Indiana lawmakers eye returning to more prison sentences

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A big jump in Indiana county jail overcrowding has state lawmakers looking to partially roll back a nearly decade-old criminal sentencing overhaul and let judges send more people convicted of low-level felonies into state prisons.

An Indiana House committee voted this past week in favor of a proposal dropping the state’s requirement that most people sentenced for least-serious Level 6 felony crimes serve any time behind bars in county jails.

That requirement took effect in 2014 as lawmakers aimed to have those convicted of lower-level property or drug crimes spend time in intensive local probation, work-release or addiction-treatment programs, with the expectation that would help prevent them from becoming career criminals.

The change, however, resulted in nearly 16,000 people with Level 6 convictions being sent to county jails during 2021. An Indianapolis Star investigation found most of the state’s 92 jails were overcrowded, understaffed and ill-equipped to deal with the influx of people with addiction and other mental health issues as the statewide jail population has exploded by 60% since 2010.

State Rep. Randy Frye, a Greensburg Republican sponsoring the bill, said the state Department of Correction has more drug addiction and mental health treatment available.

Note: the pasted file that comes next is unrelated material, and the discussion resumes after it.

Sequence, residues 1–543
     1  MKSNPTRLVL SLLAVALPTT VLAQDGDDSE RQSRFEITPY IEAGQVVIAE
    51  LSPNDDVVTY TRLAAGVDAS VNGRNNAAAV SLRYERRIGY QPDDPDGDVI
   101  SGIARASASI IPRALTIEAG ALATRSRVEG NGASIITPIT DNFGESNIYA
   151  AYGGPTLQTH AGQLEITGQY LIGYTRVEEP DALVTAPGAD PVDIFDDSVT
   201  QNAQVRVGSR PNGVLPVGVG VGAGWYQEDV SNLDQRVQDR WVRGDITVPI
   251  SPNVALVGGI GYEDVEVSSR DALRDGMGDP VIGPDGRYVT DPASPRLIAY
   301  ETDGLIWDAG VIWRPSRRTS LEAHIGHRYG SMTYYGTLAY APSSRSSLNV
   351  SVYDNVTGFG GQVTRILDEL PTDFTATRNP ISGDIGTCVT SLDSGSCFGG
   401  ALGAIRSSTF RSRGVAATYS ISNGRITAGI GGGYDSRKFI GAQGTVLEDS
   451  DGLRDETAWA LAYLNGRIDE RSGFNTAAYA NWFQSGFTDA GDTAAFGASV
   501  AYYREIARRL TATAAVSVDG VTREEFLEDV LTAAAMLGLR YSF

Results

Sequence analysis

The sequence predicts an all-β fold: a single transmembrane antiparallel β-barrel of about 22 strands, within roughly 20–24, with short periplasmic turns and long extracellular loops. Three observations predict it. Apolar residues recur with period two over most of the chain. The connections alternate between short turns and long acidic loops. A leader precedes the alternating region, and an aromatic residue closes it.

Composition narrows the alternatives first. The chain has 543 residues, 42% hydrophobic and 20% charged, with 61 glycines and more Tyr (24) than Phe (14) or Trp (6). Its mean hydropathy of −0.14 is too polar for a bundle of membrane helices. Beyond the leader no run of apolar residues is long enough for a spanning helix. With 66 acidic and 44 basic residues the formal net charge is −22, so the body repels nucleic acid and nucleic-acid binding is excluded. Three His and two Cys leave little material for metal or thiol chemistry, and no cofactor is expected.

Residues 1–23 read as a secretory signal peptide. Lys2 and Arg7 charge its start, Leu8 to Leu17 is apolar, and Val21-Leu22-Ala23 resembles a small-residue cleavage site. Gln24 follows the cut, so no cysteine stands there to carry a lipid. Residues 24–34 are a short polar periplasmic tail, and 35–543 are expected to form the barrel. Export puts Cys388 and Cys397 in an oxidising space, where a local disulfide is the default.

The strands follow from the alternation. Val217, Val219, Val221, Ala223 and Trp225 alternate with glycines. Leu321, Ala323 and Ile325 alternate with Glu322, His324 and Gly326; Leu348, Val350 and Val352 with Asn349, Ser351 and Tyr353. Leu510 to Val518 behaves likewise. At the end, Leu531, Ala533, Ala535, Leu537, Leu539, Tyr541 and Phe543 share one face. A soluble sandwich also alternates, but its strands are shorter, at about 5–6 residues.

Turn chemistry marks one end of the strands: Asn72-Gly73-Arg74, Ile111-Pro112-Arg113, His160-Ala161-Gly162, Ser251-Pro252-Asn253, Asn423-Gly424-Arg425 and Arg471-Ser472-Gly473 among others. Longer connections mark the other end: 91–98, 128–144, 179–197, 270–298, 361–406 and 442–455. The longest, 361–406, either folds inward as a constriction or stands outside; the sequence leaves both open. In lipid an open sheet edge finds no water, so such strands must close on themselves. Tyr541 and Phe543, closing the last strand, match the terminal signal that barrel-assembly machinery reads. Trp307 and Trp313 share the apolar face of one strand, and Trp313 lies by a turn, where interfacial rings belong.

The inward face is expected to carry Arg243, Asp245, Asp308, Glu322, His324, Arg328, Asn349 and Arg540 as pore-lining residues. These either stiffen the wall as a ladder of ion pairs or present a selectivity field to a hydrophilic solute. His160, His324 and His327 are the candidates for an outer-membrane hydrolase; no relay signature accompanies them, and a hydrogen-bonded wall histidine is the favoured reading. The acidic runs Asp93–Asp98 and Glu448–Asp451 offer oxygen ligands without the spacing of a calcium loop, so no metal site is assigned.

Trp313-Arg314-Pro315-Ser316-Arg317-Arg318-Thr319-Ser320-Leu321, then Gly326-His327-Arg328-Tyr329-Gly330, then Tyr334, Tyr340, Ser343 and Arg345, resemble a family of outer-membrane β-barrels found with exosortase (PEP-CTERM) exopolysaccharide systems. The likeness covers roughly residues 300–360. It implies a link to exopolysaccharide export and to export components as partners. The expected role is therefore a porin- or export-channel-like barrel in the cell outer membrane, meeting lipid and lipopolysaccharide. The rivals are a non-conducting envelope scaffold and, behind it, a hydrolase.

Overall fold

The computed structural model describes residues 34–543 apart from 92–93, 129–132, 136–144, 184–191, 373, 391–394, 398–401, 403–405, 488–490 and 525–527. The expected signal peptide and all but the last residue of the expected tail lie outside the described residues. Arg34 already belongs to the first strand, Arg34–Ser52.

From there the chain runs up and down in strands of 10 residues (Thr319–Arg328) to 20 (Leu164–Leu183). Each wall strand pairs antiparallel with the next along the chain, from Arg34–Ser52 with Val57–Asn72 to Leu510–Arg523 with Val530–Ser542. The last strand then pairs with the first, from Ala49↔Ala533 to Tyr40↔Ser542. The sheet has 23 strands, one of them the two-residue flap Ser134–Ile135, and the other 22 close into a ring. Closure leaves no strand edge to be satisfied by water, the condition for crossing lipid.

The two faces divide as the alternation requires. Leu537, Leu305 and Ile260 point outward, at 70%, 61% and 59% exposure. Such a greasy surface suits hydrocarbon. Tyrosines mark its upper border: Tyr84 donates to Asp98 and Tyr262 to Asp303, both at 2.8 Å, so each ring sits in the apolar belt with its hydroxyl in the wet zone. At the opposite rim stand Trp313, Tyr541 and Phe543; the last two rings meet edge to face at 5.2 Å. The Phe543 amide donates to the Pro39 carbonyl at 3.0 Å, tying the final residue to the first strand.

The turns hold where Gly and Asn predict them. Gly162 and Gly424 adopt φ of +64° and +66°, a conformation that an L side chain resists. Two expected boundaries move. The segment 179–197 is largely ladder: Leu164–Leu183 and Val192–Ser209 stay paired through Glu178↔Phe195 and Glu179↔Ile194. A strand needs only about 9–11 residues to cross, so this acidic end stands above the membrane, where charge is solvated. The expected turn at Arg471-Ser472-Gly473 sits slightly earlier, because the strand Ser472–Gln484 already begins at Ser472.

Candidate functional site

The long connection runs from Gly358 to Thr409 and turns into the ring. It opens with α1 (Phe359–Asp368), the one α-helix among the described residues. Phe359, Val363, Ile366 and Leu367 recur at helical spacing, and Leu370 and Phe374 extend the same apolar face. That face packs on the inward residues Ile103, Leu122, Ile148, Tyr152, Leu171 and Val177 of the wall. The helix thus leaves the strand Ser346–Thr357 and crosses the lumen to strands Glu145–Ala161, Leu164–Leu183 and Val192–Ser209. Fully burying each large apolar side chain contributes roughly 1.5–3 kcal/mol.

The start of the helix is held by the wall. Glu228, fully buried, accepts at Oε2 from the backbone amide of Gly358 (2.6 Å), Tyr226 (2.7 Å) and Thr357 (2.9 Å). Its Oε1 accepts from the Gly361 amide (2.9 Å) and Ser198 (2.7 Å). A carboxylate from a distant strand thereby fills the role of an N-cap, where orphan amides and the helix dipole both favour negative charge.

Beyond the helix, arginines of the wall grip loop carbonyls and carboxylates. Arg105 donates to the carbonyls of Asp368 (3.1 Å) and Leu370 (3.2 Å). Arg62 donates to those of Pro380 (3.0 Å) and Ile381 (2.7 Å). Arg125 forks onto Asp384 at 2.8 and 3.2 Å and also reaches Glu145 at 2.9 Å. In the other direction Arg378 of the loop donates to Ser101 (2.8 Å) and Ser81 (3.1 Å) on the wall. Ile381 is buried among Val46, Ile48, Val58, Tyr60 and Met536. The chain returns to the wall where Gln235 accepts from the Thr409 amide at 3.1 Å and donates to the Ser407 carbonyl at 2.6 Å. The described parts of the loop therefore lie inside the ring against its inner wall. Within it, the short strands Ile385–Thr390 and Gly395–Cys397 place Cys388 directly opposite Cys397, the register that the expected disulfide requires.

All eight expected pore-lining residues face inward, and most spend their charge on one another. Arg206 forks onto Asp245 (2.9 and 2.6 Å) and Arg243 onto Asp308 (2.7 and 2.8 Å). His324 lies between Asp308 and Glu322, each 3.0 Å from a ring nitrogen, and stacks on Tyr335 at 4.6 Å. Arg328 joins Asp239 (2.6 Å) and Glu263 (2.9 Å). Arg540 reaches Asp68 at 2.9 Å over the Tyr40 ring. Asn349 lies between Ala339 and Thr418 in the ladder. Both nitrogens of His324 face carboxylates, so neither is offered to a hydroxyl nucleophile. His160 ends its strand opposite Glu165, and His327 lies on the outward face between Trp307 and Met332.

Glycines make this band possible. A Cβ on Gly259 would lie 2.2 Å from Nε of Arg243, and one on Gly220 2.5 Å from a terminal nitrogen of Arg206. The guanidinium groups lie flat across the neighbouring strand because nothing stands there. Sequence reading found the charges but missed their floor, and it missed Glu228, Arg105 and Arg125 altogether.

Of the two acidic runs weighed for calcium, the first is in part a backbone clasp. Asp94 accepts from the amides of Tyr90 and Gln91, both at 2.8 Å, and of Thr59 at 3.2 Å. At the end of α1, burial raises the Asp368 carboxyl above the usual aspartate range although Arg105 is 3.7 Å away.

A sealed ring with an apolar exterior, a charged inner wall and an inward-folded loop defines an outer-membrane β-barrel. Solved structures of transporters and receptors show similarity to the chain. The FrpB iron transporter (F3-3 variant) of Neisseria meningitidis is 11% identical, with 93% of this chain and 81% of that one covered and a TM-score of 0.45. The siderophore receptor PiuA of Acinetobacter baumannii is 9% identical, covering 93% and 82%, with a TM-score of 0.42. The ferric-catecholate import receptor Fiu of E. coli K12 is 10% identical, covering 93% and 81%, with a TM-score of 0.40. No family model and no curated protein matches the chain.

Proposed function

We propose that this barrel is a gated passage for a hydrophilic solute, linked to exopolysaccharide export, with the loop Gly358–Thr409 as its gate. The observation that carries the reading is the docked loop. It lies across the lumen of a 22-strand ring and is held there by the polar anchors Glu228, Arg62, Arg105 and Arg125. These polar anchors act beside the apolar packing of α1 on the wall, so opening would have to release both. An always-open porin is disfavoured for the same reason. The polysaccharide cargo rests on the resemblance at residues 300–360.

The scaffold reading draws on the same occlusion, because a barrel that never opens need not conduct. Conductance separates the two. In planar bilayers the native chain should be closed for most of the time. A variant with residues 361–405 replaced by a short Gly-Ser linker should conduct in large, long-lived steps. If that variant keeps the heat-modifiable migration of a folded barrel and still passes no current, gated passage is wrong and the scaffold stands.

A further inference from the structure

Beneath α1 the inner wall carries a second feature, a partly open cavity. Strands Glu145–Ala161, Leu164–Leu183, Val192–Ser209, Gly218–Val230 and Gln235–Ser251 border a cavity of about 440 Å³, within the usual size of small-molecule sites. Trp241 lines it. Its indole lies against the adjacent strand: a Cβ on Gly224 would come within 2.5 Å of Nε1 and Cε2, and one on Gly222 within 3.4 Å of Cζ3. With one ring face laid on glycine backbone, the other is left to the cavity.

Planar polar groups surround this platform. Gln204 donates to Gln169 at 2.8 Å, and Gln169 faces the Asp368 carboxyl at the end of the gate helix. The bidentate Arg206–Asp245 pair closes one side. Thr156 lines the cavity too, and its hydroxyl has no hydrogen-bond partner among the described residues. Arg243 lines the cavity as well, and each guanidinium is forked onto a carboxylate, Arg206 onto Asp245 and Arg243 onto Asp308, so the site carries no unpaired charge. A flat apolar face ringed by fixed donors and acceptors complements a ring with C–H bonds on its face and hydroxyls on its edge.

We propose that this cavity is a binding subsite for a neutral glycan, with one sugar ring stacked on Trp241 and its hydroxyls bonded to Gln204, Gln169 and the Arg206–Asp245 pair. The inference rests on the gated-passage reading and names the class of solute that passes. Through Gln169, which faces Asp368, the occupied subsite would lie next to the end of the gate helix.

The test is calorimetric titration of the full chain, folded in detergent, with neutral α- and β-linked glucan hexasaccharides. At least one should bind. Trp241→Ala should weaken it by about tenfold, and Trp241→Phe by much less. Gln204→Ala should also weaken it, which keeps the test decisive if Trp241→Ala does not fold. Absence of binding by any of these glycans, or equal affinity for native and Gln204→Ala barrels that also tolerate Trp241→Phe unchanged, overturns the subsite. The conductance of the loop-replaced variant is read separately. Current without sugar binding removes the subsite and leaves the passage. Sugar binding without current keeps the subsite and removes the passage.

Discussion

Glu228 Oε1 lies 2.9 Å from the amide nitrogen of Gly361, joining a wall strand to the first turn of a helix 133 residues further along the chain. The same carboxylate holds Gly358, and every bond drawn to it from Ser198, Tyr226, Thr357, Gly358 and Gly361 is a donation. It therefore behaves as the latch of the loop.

“Many of our rural jails just don’t have adequate treatment facilities for these folks. This is just an option,” Frye said.

Bernice Corley, executive director of the Indiana Public Defender Council, called the proposed roll back “disheartening.”

“Indiana has a very large jail overcrowding problem. We all know that,” Corley said. “I know counties are hurting. I know facilities are hurting. But this feels a bit premature.”

The criminal sentencing changes reduced the number of inmates being sent to the state prison system by nearly 6,000, or about 40% a year, according to a legislative report.

Allowing prison sentencing for Level 6 offenses will increase the DOC’s population by “an indeterminable amount” because of uncertainty over the decisions of judges, the report said.

Rep. Matt Pierce, a Bloomington Democrat who was a co-sponsor of the original sentencing overhaul bill in 2013, said he supported the new legislation but called it “a recognition of failure, and really almost a surrender” on the part of the General Assembly.

“The idea was not to turn a jail into a mental health facility, but to have programs outside the jail in the local community, where offenders could go to solve the underlying problems that are causing them to get ensnared in the criminal justice system,” Pierce said. “And the idea was, we would find savings from DOC and reallocate those down to the local level. And it just hasn’t happened.”

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